Backcountry skiing and snowboarding means hitting the slopes outside of the standard patrol areas. (Photo: Corbis)
One of the biggest recent trends in downhill skiing is the backcountry boom — the increasing number of skiers who are exploring beyond the bounds of regular ski resorts, whether it be on brief “sidecountry” runs through a marked resort gate, joining guided helicopter-ski trips, or doing a full “alpine touring” (AT) expedition with hikes up remote mountains.
According to the Snowsports Industries America research group, about one in five skiers explored some sort of backcountry terrain last season. The equipment associated with alpine touring was the only segment of downhill ski gear sales that grew last season, up 5 percent versus a 6 percent drop in regular equipment sales.
But with the increase in popularity and the advances in equipment also come the dangers of untrained skiers embarking into unpatrolled avalanche territory. Backcountry ski deaths due to avalanche occur with alarming regularity each season — even among the skiing elite. The sport is never going to be risk-free. But skiing into the right terrain at the right time with proper knowledge and equipment reduces the dangers significantly.
For anyone new to it, we’re supplying a few basics about this niche sport so that when you travel to a ski resort and see the opportunity to head off trail, you’re armed with some basic knowledge.
Backcountry skiing in St. Anton am Arlberg, Austria (Photo: Johannes Gruber/Flickr)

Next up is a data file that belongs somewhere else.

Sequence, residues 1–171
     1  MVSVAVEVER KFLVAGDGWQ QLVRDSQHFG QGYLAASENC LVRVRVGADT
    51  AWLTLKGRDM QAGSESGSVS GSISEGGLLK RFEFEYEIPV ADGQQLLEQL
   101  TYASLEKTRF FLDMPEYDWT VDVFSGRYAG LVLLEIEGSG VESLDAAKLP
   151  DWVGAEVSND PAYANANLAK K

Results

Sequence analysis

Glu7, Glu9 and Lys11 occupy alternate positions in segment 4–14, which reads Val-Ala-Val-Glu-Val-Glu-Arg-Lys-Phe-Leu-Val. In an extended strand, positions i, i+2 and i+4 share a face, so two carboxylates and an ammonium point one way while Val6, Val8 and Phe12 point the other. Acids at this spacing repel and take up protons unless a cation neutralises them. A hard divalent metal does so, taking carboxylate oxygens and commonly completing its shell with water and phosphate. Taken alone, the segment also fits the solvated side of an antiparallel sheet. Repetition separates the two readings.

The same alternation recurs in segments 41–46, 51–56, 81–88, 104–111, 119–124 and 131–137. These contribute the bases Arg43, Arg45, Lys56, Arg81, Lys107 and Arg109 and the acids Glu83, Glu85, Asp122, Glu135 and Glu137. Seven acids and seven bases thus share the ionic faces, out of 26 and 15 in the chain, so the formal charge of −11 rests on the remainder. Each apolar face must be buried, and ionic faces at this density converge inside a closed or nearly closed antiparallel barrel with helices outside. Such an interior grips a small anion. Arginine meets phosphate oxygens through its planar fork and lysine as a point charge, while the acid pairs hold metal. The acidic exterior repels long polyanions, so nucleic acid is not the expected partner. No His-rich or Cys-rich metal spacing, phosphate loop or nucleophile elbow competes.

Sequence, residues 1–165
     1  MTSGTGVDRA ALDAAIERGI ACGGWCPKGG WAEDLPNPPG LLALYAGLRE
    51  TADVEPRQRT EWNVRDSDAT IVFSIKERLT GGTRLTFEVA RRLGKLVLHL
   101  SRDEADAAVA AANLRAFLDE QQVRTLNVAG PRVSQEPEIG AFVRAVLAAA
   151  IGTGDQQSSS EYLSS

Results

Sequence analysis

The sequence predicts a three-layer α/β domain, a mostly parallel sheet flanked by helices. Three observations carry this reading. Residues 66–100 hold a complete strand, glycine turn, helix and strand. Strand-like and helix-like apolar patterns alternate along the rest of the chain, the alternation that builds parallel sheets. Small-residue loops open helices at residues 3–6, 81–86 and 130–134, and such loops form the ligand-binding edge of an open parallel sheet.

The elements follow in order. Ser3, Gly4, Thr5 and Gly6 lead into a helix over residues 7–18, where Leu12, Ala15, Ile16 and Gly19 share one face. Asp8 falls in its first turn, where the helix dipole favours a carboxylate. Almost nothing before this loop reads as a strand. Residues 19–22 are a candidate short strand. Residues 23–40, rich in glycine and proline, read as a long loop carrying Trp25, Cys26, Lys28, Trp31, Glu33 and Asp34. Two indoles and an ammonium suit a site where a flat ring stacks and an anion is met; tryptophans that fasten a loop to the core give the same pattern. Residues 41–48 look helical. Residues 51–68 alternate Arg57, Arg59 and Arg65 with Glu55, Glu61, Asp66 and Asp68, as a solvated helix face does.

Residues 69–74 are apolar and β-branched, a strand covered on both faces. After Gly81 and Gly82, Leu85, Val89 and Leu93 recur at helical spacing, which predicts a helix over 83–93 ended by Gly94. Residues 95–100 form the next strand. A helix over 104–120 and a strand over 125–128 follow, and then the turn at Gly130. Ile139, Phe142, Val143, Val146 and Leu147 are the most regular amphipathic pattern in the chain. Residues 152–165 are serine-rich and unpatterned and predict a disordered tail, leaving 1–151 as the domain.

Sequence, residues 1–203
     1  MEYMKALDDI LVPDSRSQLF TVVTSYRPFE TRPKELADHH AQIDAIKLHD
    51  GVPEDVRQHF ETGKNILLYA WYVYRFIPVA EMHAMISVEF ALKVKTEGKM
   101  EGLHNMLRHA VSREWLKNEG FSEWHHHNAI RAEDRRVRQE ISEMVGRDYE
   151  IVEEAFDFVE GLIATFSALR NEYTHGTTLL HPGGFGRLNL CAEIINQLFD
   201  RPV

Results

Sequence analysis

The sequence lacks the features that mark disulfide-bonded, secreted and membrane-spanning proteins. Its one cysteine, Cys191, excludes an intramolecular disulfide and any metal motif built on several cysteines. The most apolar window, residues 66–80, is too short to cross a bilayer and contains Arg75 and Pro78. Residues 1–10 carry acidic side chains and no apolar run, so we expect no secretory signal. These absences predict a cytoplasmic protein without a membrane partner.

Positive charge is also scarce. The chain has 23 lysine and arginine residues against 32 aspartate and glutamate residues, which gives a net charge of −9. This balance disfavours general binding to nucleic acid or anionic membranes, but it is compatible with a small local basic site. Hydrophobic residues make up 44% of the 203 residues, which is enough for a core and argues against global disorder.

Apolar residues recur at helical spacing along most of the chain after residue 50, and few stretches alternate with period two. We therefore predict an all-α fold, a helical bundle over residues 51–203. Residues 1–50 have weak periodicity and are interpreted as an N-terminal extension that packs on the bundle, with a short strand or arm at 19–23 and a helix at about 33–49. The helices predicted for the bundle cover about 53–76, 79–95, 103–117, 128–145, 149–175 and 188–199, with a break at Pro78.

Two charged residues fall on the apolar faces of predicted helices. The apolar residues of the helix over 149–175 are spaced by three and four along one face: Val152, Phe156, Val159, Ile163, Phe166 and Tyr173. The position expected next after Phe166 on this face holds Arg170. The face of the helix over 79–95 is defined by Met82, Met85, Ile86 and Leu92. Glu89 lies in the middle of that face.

What is it? Backcountry skiing and snowboarding includes sliding down any terrain on snow that isn’t within the bounds of a patrolled ski area. It can range from a gentle run through a glade adjoining a ski resort to a hardcore first descent of a Himalayan peak. Serious alpine touring requires you to “earn your turns,” as they say, and hike up a mountain using boots, snowshoes, or “skins” attached to the bottom of skis to shuffle your way to the top. Those exploring non-lift-accessed terrain compose less than 2 percent of overall skiers, so it is very much still a niche sport. But given that AT boot sales increased 27 percent last year, and splitboard sales have quadrupled in the past few years, the sport is poised to expand dramatically.
Backcountry skiing can be risky, so be sure to go with an experienced guide. (Photo: Getty Images)
Who can do it? You don’t need to be an expert skier or snowboarder to go out of bounds — you just need to be well-equipped and well-informed. Guided trips regularly take intermediate skiers on backcountry jaunts, so just be sure to follow your leader. Anybody can ski backcountry, but absolutely, positively don’t jump into it without an experienced guide — avalanches are an ever-present risk. This is why it’s a great idea to pick up the sport at your local ski resort. Many, like Lake Tahoe’s Kirkwood, are starting to offer backcountry awareness programs and avalanche safety certification classes, which can help your comfort level and safety on a trip to the backcountry, even if you’re not planning to join a ski patrol.